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2014 Resolution: Conversion to Judaism in Israel  
 
Policies Headlines
Jul 16, 2014 -- The Rabbinical Council of America – representing over 1000 Orthodox rabbis throughout the United States, Canada, Israel, and beyond – adopted its Geirut (Conversion) Policies and Standards in 2007, in an attempt to strike a crucially important balance between standardization and personal discretion. In light of ongoing debate and proposed legislation about this issue in Israel, the RCA urges the Knesset and Chief Rabbinate of Israel to “to implement a conversion process that includes personal relationships between prospective converts and community-based rabbinic mentors while upholding halakhic standards” and “offer[s] assistance in formulating and implementing this process.”

Formally adopted by a direct vote of the RCA membership, the full text of “2014 Resolution: Conversion to Judaism in Israel” states:

WHEREAS The Jewish laws of conversion exhibits a degree of tension between formal standards of acceptance and discretion on the part of individual rabbinical courts; and

WHEREAS Said tension is a crucial component of a sound and responsible conversion policy, as uniform standards that leave no room for the rabbis’ judgment of individual circumstances place conversion at risk of becoming an alienating, bureaucratic process, while complete reliance on the discretion of individual rabbis can undermine the commitment to Torah and the commandments that lies at the heart of the conversion process and generate heartache when it becomes apparent that a particular conversion relied on marginal opinions; and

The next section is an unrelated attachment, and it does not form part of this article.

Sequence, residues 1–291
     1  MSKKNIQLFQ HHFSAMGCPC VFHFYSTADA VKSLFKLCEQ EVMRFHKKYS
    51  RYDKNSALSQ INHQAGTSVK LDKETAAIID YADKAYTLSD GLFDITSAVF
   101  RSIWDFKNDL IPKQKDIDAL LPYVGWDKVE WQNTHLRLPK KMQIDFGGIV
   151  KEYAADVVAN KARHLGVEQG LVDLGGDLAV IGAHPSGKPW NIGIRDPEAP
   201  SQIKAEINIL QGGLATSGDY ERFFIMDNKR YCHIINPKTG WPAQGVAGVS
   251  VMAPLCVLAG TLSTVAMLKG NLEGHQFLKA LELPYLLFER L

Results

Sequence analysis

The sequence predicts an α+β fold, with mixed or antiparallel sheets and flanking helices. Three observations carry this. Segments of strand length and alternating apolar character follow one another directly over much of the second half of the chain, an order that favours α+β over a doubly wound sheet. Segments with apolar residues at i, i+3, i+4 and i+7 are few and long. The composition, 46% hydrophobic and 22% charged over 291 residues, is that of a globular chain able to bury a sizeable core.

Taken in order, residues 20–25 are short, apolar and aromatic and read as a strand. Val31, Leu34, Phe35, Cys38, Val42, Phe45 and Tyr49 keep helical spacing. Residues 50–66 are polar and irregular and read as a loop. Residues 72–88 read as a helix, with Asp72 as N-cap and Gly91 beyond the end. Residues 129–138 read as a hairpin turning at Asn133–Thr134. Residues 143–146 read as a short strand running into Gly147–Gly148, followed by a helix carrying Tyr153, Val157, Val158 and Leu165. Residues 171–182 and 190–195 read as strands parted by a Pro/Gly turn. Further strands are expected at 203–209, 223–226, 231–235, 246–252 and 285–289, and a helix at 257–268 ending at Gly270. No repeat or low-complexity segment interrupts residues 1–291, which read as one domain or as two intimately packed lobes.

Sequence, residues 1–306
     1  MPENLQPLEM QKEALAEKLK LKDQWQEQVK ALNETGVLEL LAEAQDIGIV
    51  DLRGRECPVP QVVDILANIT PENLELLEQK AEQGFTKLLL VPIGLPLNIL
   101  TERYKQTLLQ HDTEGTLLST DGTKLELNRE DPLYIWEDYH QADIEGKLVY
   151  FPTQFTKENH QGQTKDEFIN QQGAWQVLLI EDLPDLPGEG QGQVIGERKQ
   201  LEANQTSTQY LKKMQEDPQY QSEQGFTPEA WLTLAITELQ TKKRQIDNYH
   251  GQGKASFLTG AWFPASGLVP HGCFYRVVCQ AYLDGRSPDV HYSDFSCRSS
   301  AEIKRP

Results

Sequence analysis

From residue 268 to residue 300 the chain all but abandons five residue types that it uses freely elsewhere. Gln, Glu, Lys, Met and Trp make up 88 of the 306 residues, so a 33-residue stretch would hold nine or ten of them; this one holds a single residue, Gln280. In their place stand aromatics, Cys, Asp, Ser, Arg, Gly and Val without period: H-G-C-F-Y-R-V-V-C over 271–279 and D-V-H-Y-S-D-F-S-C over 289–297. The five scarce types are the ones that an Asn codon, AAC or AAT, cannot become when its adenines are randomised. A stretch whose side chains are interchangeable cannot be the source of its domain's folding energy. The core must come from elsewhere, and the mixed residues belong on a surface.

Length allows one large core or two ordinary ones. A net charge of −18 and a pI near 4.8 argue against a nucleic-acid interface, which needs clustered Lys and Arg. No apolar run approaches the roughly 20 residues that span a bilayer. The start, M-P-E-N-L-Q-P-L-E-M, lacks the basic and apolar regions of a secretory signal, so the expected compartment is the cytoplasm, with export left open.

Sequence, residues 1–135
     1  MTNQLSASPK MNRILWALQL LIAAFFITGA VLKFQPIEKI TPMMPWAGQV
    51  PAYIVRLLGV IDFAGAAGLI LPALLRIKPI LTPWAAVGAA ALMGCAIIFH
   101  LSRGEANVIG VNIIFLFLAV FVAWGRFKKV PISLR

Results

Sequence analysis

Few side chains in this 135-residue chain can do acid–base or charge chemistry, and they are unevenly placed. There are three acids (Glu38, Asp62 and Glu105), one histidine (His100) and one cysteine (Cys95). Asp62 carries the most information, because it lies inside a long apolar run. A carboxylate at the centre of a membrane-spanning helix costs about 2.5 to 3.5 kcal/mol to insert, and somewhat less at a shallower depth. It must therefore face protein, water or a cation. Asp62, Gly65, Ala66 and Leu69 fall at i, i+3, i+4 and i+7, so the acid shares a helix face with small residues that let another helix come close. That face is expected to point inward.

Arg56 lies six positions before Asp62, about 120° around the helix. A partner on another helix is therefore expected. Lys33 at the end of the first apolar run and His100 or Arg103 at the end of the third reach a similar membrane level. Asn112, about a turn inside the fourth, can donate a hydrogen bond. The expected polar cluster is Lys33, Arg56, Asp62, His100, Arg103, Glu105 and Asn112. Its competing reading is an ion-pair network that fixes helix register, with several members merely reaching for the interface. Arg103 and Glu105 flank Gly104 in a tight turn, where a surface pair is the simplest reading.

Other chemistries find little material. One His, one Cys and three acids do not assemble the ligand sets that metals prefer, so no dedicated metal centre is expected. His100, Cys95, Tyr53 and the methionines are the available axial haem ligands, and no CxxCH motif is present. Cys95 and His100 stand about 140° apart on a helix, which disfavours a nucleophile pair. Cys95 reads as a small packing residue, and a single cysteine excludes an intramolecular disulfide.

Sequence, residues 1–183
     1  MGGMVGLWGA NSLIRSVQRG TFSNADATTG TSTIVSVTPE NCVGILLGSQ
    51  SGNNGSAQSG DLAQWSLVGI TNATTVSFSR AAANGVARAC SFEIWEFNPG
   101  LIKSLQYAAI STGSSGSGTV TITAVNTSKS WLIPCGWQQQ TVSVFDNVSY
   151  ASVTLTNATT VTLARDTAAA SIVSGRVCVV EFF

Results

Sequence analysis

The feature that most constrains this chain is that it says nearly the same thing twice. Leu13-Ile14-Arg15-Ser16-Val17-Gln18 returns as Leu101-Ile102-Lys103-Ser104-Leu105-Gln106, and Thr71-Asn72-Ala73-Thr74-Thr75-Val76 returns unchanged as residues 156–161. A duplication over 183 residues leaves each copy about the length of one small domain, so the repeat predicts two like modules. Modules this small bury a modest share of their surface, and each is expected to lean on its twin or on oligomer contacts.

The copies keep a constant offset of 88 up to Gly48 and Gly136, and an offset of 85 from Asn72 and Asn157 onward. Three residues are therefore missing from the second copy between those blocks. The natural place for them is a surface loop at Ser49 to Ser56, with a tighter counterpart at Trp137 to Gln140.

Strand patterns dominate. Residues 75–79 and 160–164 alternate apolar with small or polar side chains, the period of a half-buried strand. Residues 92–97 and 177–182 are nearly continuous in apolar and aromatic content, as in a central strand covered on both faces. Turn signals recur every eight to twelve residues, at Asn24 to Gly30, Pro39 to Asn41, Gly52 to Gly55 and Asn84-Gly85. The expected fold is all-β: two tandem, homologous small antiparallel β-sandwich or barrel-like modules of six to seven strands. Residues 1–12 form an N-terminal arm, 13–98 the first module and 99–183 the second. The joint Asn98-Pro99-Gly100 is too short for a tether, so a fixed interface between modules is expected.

WHEREAS The Rabbinical Council of America’s Geirut (Conversion) Policies and Standards (GPS), adopted in 2007, reflect its attempt to strike the proper balance between these extremes; and

WHEREAS Conversion in Israel is presently subject to government control and Knesset legislation in addition to the authority of the Chief Rabbinate; and

WHEREAS The question of how to address the hundreds of thousands of Israeli citizens, mainly immigrants from the Former Soviet Union, who are not considered Jews in the eyes of halakha but who have Jewish lineage and whose integration into Israeli­Jewish society proceeds apace has been the subject of much public debate and several proposed laws;

Therefore, the Rabbinical Council of America, speaking humbly as an association with a mainly Diaspora­based membership:

  • Urges the Knesset and the Chief Rabbinate of Israel, without prejudicing any specific solution to this dilemma or advocating any particular halakhic position, and while respecting the democratic legislative processes of the state, to implement a conversion process that includes personal relationships between prospective converts and community­based rabbinic mentors while upholding halakhic standards; and
  • Extends its hand to the Knesset and to the Chief Rabbinate of Israel to offer assistance in formulating and implementing this process, based on the experience it accumulated when envisioning and implementing its GPS network in the United States.

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